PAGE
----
Many transmitters, few sparks

Principles of Neuropsycho-Pharmacology
October 17, 1997

With the increasing prominence of disorders of the brain, drug abuse and sophisticated pharmaceutical therapies, it is hardly surprising that an increasing number of new textbooks focus on the chemical systems of signalling between brain cells: neuropsychopharmacology. In this book, the jaw-breaking term covers the operations of the many different transmitter systems in the brain, both at the level of communication between the cells themselves, as well as from the perspective of the behavioural sequelae.

The authors version of events has been inspired by the twin advances of brain imaging and molecular biology. At first glance, however, the pages do not appear to be particularly student friendly. Nowadays one is becoming used to slick pedagogic devices - bullet-point summaries, self-test checks, titles in the form of bottom-line statements - to help the biomedical student plough through very different subjects on information-dense courses. No such concession here, however, to the hard-pressed reader. Nor will the figures necessarily gladden the eye. Particularly unaesthetic cases in point are the figures showing the distribution of the different transmitter systems in the brain. No attempt has been made to present these key illustrations in a uniform style. Instead each retains the original look of its respective source.

However, the scope of the book is timely and admirably ambitious. The contents are divided into four broad areas: basic concepts, neurotransmitter concepts, major drug classes and clinical applications. But the ordering within the initial section sets a rather dry tone. In my own experience early mention, as here, of "methods" and "techniques" is the kiss of death to student interest. The technical terms and procedures would have been more happily housed as an appendix or included in the chapters discussing neurons, synaptic transmission or a particular chemical system. Boxing the more obscure data would have made it easier to absorb.

Generally, the material is appropriate for its target student readership. A personal gripe was to see pharmacology defined in the time-honoured way as "the study of actions of drugs..." which, to my mind, carries too much of the taste of the pharmacy instead of conveying the fascination of the pharmacologist in the underlying systems on which the external substance can act. Pharmacology is more accurately the "study of chemically sensitive sites" in the body.

Indeed, much of the book is not about drugs at all. The remainder of the basic concepts section deals with the predictable topics of neurons and their supporting cells, glia, functional neuroanatomy, neurophysiological mechanisms and synapse structure and function. Each of these issues could have merited a book in its own right, and it is a strength of this work that such inter-related yet disparate topics are housed under one roof. On the other hand, there is little attempt at a unifying framework. Although the reader will welcome clear discussion on subjects such as immediate early genes, they might be dismayed at the rather flat description, region by region, of different parts of the brain. They might also be misled into the easy and erroneous stance that brain regions have clear-cut functions. Brain structures have very different functions and we still do not know how most of them contribute to the coordination of an integrated behaviour such as thought or emotion.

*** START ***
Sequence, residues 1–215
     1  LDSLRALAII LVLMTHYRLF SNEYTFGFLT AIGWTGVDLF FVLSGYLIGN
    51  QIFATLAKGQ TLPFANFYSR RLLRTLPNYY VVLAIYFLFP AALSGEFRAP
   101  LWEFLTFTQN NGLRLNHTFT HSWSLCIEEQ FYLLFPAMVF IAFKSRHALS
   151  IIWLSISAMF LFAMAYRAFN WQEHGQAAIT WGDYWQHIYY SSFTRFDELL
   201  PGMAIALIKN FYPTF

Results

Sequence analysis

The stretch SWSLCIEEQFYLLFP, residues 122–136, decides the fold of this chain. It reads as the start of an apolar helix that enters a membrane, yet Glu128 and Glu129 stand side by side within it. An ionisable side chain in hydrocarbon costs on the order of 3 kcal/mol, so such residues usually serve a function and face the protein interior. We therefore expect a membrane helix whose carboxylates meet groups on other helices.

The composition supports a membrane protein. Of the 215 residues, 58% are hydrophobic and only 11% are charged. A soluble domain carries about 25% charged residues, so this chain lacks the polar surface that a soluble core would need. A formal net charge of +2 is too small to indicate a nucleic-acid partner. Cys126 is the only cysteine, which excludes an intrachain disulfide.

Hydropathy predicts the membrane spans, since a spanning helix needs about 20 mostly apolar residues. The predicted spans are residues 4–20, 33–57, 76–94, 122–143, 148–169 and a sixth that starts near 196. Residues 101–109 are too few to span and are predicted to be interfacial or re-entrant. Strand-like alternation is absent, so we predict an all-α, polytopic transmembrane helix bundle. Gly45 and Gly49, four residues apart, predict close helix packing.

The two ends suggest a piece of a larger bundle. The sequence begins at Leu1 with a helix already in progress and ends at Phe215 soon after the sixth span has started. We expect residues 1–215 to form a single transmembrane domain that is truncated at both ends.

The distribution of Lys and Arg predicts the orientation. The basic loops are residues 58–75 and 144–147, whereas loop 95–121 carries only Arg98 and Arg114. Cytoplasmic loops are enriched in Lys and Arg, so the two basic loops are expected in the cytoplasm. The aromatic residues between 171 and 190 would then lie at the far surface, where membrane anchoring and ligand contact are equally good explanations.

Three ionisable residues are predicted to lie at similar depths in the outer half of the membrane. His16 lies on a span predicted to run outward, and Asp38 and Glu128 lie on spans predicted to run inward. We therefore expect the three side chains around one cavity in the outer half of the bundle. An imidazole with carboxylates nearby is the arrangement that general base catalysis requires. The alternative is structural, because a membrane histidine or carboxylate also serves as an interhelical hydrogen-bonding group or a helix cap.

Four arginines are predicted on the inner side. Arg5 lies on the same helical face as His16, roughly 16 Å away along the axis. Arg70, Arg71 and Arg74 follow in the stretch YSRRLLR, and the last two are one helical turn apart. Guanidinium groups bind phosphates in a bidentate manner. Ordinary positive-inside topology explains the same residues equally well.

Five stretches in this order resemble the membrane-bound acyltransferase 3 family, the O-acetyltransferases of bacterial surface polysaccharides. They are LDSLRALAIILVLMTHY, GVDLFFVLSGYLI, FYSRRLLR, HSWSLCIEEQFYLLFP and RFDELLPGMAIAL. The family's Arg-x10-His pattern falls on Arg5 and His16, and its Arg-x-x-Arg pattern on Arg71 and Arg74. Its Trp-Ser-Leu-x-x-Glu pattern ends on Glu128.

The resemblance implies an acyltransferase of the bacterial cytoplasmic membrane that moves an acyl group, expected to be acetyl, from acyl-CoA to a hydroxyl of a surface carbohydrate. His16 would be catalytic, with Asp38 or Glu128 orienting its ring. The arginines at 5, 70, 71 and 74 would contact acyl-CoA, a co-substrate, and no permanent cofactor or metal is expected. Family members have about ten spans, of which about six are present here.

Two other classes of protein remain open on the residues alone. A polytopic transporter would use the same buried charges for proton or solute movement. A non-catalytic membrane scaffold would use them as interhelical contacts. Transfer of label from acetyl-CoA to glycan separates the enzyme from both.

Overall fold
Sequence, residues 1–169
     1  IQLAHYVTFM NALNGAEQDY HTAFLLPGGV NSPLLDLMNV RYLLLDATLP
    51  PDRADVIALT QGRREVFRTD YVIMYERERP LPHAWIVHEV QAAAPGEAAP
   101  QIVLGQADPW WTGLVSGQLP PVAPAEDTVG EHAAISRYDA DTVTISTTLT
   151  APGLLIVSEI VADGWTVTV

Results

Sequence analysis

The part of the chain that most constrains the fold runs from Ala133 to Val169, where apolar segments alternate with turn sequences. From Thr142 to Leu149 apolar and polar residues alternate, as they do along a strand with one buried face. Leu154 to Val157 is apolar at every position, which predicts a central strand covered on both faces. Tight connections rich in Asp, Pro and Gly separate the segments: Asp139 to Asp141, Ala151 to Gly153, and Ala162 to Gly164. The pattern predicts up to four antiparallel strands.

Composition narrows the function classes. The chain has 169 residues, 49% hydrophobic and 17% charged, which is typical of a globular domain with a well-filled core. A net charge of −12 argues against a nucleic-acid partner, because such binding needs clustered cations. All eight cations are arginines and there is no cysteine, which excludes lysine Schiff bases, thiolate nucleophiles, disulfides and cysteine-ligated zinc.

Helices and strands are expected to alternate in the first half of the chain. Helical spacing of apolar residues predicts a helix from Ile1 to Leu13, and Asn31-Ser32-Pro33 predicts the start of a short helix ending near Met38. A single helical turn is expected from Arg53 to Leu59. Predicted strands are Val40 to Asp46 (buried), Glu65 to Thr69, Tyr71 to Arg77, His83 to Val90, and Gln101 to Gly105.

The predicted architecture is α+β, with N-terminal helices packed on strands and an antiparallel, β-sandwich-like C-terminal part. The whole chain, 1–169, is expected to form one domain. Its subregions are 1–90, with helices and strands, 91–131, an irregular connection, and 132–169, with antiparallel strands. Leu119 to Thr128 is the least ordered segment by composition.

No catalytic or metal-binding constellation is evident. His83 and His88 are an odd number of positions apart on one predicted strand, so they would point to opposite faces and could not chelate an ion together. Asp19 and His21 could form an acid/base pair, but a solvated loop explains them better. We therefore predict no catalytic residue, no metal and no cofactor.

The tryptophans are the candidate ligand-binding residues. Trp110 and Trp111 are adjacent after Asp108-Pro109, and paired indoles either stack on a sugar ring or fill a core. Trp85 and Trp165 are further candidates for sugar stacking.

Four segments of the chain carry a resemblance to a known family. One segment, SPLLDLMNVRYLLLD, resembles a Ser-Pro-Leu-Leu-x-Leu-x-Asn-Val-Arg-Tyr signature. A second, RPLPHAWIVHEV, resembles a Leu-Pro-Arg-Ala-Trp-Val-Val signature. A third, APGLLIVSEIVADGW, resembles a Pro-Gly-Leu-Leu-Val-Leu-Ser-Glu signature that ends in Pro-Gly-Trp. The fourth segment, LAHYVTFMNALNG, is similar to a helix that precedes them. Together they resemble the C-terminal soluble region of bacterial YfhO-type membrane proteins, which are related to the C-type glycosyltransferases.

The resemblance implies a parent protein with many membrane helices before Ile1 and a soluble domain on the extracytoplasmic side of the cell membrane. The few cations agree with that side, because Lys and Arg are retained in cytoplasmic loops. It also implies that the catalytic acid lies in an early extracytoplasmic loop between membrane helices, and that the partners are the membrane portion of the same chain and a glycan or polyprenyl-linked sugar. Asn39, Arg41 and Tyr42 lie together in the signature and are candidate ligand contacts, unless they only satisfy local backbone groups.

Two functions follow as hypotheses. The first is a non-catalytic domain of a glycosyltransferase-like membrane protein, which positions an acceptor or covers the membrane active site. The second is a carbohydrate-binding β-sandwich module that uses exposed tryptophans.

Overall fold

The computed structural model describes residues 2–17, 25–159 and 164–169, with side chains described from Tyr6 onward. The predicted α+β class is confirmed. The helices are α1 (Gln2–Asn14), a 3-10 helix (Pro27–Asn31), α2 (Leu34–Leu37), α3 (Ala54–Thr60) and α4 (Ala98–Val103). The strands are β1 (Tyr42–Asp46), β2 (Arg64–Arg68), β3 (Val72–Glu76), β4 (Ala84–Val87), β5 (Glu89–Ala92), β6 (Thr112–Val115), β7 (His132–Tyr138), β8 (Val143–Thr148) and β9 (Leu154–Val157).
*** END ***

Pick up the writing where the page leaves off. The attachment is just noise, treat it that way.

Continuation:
The rather limited premises that characterise the organisation of material, can also be seen in the presentation of the "concepts" themselves. For example, the parallels in distribution between the diffuse amines and acetylcholine systems are ignored: hence valuable clues are missed as to the action of these substances in the brain. For some reason histamine is even tacked onto the back of a chapter on a completely different system, amino acids, instead of being described in line with its amine cousins, with whom it shares much in terms of distribution and relation to arousal levels. The student will learn about each system well enough, but it will be a piecemeal acquisition of facts.

Another problem is that the worn mindset of "inhibition and excitation" is never far away - a yes/no idea of signalling that has shackled neuroscience to computer technology for years. Following this binary mode of thought, drugs are divided accordingly into stimulants and depressants. The result is not surprisingly that a large number of drugs which cannot be so simplistically reduced, end up in a rather awkward pot-pourri chapter entitled vaguely "Mind-Altering Drugs".

In short this book contains no surprises no new way of looking at a complex, multidisciplinary subject: hence a great chance has slipped through the authors' fingers. On the other hand, the compartmentalised organisation of the material and the fact that a broad sweep of facts is covered, would ensure that specific topics could be reliably accessed. Principles of Neuropsychopharmacology is a sound, up-to-date reference book, but not an inspirational read.

Susan Greenfield is professor of pharmacology, University of Oxford.

Principles of Neuropsycho-Pharmacology

Author - Robert S. Feldman, Jerrold S. Meyer and Linda F. Quenzer
ISBN - 0 87893 175 9
Publisher - Sinauer
Price - £29.95
Pages - 909

Please login or register to read this article

Register to continue

Get a month's unlimited access to THE content online. Just register and complete your career summary.

Registration is free and only takes a moment. Once registered you can read a total of 3 articles each month, plus:

  • Sign up for the editor's highlights
  • Receive World University Rankings news first
  • Get job alerts, shortlist jobs and save job searches
  • Participate in reader discussions and post comments

Have your say

Log in or register to post comments